Africa Top10 News

AfricaDotcom  

Gadgets Changing Africa’s Healthcare Game Sub-Saharan Africa has, on average, the worst healthcare in the world, according to the World Bank. It accounts for nearly a quarter of all disability and death caused by disease worldwide, yet has only 1% of global health expenditure and 3% of the world’s health workers. But new technologies — …

Patoranking Drops an Amazing Video For ‘Open Fire’

OkayAfrica  

The Nigerian star treats the world to the reality-bending visuals for the upbeat track.

Mozambique: Nyusi/Frelimo Retain Lead in Zambezia

allAfrica  

[AIM] Maputo -Quelimane (Mozambique), 16 Oct (AIM) - As more polling station data is processed from Tuesday's general and provincial elections in Mozambique, so incumbent President Filipe Nyusi and the ruling Frelimo Party are extending their lead.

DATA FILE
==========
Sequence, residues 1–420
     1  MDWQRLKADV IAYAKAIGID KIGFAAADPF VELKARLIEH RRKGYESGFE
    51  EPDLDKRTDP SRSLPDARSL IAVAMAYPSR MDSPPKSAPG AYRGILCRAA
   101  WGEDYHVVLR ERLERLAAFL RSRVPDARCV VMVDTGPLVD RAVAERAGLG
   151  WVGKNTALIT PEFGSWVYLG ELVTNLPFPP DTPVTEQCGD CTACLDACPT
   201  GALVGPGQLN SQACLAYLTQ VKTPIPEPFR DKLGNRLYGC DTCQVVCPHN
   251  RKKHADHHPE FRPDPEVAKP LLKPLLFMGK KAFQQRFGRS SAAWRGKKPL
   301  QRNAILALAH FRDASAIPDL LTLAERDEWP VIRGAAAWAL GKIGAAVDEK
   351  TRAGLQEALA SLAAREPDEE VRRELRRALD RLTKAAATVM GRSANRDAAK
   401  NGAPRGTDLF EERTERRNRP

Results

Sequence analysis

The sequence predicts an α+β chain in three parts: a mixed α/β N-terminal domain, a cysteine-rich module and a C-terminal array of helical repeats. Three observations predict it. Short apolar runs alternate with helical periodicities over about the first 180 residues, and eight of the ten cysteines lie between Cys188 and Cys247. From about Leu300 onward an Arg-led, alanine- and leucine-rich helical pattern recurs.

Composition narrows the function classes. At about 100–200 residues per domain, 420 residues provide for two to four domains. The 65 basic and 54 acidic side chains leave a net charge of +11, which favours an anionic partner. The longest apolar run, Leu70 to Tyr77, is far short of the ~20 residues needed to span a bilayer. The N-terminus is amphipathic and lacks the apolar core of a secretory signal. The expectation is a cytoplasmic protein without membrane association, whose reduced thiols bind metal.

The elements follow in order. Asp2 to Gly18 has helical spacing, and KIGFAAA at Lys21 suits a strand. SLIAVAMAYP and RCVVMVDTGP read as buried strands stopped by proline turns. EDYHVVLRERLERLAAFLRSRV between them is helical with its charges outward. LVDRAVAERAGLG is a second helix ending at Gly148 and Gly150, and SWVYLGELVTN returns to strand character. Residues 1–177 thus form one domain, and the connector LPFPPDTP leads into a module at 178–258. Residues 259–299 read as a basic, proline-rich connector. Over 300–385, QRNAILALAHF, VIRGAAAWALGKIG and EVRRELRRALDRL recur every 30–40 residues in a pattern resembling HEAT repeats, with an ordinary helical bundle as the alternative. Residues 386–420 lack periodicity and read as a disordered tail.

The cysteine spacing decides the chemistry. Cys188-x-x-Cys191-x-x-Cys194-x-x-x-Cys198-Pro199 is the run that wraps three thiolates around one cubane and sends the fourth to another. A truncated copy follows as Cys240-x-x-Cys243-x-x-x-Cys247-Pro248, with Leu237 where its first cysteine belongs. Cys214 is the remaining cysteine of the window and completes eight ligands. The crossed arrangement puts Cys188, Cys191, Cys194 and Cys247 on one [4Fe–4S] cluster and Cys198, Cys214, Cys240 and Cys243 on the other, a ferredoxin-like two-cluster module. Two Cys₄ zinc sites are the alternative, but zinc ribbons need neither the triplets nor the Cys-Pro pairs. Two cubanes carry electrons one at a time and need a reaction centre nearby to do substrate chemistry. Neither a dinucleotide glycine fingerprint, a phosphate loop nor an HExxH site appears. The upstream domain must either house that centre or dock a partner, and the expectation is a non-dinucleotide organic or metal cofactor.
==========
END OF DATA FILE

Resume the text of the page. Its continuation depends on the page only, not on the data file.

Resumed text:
Mozambique: Nyusi and Frelimo Take Commanding Lead in Inhambane

allAfrica  

[AIM] Maputo -Inhambane (Mozambique), 16 Oct (AIM) - Preliminary results from Tuesday's general and provincial elections in the southern Mozambican province of Inhambane indicate an overwhelming victory for the incumbent President, Filipe Nyusi, and for the ruling Frelimo Party.

Cimarrón Is the Women-Led Film Production Company Empowering Afro-Colombians to Tell Their Own Stories

OkayAfrica  

The "first Afro-Colombian film production company," is teaching filmmaking in Colombia's black communities in order to combat the lack of representation.

Video: Kenya opens second phase of modern railway

Africanews